The Border: Season One

The Border: Season One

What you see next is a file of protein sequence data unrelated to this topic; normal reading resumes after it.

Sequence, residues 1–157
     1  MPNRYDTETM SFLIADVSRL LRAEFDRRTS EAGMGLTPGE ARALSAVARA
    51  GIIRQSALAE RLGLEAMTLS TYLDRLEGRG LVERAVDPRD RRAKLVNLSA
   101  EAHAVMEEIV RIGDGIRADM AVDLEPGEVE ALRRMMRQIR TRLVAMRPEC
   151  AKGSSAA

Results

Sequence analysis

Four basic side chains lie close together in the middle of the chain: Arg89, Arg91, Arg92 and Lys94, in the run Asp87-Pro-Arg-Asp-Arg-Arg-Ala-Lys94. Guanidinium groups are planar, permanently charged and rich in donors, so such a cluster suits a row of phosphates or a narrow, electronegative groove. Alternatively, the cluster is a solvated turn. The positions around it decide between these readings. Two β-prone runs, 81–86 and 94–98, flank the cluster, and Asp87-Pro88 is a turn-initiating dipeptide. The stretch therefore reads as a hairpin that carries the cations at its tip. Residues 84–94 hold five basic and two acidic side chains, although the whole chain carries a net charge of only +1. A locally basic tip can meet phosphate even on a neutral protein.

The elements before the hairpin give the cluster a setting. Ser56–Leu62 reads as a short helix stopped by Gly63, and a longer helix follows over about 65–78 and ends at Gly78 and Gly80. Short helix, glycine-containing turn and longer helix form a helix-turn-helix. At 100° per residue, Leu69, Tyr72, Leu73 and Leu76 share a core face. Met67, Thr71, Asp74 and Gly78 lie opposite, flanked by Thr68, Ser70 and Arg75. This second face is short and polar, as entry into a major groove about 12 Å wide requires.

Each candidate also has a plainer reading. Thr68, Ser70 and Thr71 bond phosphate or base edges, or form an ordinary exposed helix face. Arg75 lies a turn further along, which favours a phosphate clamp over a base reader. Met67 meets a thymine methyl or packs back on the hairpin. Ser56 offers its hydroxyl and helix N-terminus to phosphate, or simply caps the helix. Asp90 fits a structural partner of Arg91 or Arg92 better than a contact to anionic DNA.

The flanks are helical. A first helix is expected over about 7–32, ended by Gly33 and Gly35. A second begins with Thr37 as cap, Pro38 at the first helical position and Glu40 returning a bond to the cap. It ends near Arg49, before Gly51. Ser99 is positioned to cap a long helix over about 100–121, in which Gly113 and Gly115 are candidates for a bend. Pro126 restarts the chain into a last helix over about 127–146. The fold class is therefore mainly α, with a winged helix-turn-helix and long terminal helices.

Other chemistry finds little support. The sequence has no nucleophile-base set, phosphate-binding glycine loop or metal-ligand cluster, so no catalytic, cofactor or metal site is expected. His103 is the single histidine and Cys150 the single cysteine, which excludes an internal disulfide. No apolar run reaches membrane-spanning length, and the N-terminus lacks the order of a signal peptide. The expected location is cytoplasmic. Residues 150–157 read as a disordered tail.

As someone who works as an investigator specializing in criminal patterns and emerging modes of electronic fraud, this reviewer has a particular insight into the material offered up on The Border. Much of the terrorist Intel is surprisingly insightful and well researched, taking into account the many complexities involved, such as inter-community lawbreaker interactions and sideline criminal enterprises unknowingly exploited for the purpose of terrorist financing via the obscuration of funds sourcing. What is missing, however, are the many legal barriers and obfuscated privacy rulings that law enforcers are trapped behind when dealing with known criminals, in addition to the naturally dark sense of humour that one develops about malefactors when dealing with corruption and seediness on a daily basis. Otherwise, the show tackles immigration and criminality in a sober light, occasionally embellishing some trafficking realities for dramatic impact, but tackling the touchy subject matter with a politically "fair" vision. The show follows an elite squad of Canadian Immigration and Customs Security led by Major Mike Kessler (James McGowan) as they battle illegal immigration, terrorism, kidnapping and weapons smuggling. Character conflicts arise occasionally, with Leyla Hourani (Nazneen Contractor) struggling morally after shooting a 15-year-old in the line of duty, and computer expert Slade (Jonas Cherniuk) dealing with some relationship problems in his private life, but the show sticks most to episodic investigations. Artistically, The Border takes some time to find its footing, with some early episodes having ludicrous plotlines, expositional character development and disastrous cinematography, but by the mid-season point the show finds a balance and sticks with it until the end. In addition, while the show features solid research, some of the writing is extremely clunky and the performance from Nigel Bennett as CSIS agent Andrew Mannering often seems like that of a tall, thin woman who just wants to make a coat out of Dalmatians. The DVD set includes a commentary on the pilot episode, in addition to some very brief interviews. Aside from the cheap interface, the most interesting features are the excerpts from the TVO documentary series The Undefended Border, which details the day-to-day lives of immigration officials on the job. (VSC)